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From: Jeremy Maitin-Shepard (jbms_at_[hidden])
Date: 2007-07-10 01:03:43

Lewis Hyatt <lhyatt_at_[hidden]> writes:

>> 6. Correlations are not considered; instead, worst case is always assumed.
>> For example:
>> (mx +- dx) + (my +- dy) gives ((mx + my) +- (dx + dy), not ((mx +
>> my) +- sqrt(dx*dx + dy*dy);

> If x and y are uncorrelated normally distributed variables, then the variance of
> x+y is the sum of the variances of x and y. This implies the latter error law,
> which you say you don't implement. So setting the error to (dx+dy) has nothing
> to do with ignoring correlations. It is hard for me to imagine a case when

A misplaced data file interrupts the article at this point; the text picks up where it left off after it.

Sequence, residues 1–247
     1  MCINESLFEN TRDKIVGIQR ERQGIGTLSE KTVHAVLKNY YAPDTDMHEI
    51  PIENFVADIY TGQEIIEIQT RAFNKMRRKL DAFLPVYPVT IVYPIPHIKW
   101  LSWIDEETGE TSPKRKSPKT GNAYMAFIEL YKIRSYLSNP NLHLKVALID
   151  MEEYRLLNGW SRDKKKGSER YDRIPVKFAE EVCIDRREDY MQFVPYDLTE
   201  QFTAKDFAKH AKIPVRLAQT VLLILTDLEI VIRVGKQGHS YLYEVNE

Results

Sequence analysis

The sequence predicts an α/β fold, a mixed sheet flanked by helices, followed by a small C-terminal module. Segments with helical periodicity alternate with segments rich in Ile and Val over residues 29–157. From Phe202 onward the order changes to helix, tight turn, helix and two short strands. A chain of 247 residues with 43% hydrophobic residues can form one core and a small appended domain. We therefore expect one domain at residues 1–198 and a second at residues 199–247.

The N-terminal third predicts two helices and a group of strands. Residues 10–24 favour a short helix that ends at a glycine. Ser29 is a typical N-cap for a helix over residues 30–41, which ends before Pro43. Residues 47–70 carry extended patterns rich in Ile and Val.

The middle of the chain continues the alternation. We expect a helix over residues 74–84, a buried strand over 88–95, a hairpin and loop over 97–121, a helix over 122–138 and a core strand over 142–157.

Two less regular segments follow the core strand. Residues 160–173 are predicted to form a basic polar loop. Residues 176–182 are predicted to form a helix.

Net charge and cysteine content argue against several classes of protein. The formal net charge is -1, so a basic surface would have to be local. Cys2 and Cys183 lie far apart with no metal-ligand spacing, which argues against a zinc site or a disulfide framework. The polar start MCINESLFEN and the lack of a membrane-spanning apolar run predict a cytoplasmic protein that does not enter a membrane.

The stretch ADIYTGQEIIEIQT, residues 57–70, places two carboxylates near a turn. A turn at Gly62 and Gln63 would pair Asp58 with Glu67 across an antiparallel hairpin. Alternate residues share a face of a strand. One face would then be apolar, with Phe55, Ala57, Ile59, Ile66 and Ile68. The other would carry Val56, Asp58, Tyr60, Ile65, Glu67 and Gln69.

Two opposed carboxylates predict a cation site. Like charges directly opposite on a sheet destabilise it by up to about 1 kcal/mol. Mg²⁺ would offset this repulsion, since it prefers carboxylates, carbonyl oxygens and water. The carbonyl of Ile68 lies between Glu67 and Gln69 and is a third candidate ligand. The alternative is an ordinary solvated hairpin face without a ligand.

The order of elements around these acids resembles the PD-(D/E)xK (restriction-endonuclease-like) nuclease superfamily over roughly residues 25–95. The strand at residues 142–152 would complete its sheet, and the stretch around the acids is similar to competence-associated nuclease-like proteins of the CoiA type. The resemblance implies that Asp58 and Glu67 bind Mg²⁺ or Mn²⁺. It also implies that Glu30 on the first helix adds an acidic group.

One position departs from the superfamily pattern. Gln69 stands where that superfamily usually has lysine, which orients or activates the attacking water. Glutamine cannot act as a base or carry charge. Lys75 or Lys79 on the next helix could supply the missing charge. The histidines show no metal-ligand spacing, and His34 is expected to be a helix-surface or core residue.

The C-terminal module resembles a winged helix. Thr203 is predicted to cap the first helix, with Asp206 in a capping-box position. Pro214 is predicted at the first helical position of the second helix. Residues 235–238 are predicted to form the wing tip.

> simply adding the errors like this is in any way meaningful. Note, in
> particular, that this error law would imply no benefit whatsoever to averaging
> the results from many observations together... you would get the same error as
> you would from any one trial. This is the same as assuming the quantities mx and
> my are Cauchy-distributed, which is a very odd assumption for the
> general case.

It seems that the error term may be intended to mean an exact
upper/lower bound, not a variance.

Jeremy Maitin-Shepard

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